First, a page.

Inclusive Practices Africa launches on a high note

11 December 2020 | Story NOBHONGO GXOLO. Read time 4 min.
Members of Inclusive Practices Africa receiving the Zero Project award.
Members of Inclusive Practices Africa receiving the Zero Project award.

There are over 300 million persons with disability on the continent. The impact of the burden of disease and disability as well the socio-economic and socio-structural factors that often inhibit the progression of marginalised communities, requires a strong need for the reduction of inequality. The Faculty of Health Sciences’ Inclusive Practices Africa (IPA) Research unit, accredited in 2020, takes this work head on.

A person’s functioning may be affected by a variety of factors including sensory (vision, hearing), physical, communication impairments, mental illness and intellectual impairment. While people have functional limitations – they become disabled when their capabilities and/or strengths are not recognised.

This statement, on IPA’s website is telling of the accredited research unit’s approach to disability inclusion to drive curricula change across higher education institutions. Conceptualised by Professors Harsha Kathard, Roshan Galvaan and Theresa Lorenzo, to make inclusive implementation practices visible – their focus is on reducing inequalities, especially related to disability. The IPA team influences and implements practices to foster disability inclusion in all sectors of the country’s health, education, social and economic systems. 

“Our focus in on addressing factors that lead to marginalisation and exclusion of vulnerable people, related to the intersections of race, gender, religion, socio-economic status, disability, and religion etc. The approach fosters inclusion across the education system and influences curricular change to produce graduates who are able to promote inclusive work and social environments,” said Lorenzo.

Collaboration and leveraging available resources is part of IPA’s trans-disciplinary way-of-working. It’s why they engaged Information Systems students in the Faculty of Commerce to create a more accessible website as one of their course requirements. Why they worked with Transport Studies in the Faculty of Engineering and the Built Environment to facilitate disability inclusion in their new Masters in Transport Systems Leadership Development programme, which is being offered together with partners at the Kwame Nkrumah University of Science and Technology in Kumasi, Ghana. And why they worked with fourth-year Occupational Therapy students who are developing a database on disability-inclusive services as part of their community development practice learning placement. 

Lorenzo speaks to IPA’s motivation behind their collaborative approach: “Reciprocal learning and capacity-building occur through sharing disciplinary knowledge to generate innovative solutions to complex problems.” 

Another of IPA’s tenets is advocacy. To further disseminate their work in 2020 the team appeared on radio interviews and engaged with the parliamentary portfolio and the National Department of Women, Youth and Persons with Disability in the Presidency, making recommendations on how to create disability inclusive responses to COVID-19.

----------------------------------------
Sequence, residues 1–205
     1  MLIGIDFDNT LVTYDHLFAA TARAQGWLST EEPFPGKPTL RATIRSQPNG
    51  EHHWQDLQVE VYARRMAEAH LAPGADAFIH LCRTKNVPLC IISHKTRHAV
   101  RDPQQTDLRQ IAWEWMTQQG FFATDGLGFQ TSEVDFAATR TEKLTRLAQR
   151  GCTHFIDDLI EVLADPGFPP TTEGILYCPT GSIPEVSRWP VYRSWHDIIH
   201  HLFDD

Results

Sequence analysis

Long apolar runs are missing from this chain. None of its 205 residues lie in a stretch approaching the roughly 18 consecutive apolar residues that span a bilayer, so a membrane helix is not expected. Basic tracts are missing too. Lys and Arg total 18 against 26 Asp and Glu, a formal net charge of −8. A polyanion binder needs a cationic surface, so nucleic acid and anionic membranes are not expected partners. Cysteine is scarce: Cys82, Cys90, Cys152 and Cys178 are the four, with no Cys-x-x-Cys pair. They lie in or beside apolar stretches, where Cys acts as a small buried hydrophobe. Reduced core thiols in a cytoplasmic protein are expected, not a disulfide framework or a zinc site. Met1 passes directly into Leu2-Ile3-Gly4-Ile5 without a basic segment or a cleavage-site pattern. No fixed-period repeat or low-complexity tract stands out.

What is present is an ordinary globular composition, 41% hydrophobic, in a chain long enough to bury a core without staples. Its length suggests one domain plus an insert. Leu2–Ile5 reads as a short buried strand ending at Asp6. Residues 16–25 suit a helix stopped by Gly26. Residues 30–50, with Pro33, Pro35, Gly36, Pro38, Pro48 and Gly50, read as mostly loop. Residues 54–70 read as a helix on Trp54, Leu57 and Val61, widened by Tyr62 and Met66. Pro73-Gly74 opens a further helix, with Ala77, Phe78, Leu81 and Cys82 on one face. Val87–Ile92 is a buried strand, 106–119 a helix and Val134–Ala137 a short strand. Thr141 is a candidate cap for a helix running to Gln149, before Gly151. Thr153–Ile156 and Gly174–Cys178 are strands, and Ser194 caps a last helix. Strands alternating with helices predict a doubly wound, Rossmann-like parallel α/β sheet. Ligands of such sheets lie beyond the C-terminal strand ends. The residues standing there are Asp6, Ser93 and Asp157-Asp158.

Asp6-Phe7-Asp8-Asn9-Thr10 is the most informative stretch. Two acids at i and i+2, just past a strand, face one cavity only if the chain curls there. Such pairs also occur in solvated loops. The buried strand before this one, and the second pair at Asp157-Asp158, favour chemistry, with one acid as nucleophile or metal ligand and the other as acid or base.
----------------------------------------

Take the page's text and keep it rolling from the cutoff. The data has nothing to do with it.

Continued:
“Policy processes need to be inclusive of all people, and particularly address the needs of vulnerable populations who are usually more marginalised and struggle with equitable access to resources and service delivery,” Lorenzo said, offering insight into the transformative power of policy-change.

The unit’s work was recognised by the international Zero Project which supports the implementation of the Convention on the Rights of Persons with Disabilities and sharing Innovative Practice and Policies worldwide, by engaging with a cross-sectoral network of innovators, decision-makers and opinion leaders. The hat-tip from the Zero Project was for the IPA’s innovative implementation methods relating to inclusive educational practices. As awardees, the team participated in the Zero Project Conference which took place from 19 – 21 February 2020 at the United Nations Headquarters in Vienna, Austria. 

“Our signature projects focus on Curriculum Change and Supported Education through applying a decolonial approach and developing an inclusive learning environment and workforce, particularly in the COVID-19 context. This project promotes an active, engaged and co-ordinated response that is disability-inclusive in the immediate and the long term,” said Galvaan, fundholder and project leader.

During level 5 lockdown IPA collaborated with various partners to create a disability inclusive resource that promoted wellbeing by promoting play for and with children. They also participated in the webinar panel, Reset for inclusive practices in times of COVID-19 , hosted by the Department of Alumni and Development in August 2020. The webinar panel moderated by Galvaan created a platform for dialogue on systemic approaches to promoting disability inclusion. 

Kathard engaged in conversation with newly appointed Council member Marlene Le Roux and Charlotte McLain-Nhlapo, a Disability Advocate at the World Bank. 

The theme for the 2020 edition of the South African Health Review is equitable healthcare for people with disabilities in South Africa. Health Systems Trust appointed IPA as guest editors for this edition.

Kathard, who led the publication, said: “This role has created an opportunity for the curation of scholarship that critically considers access to services for persons with disabilities in South Africa.” 

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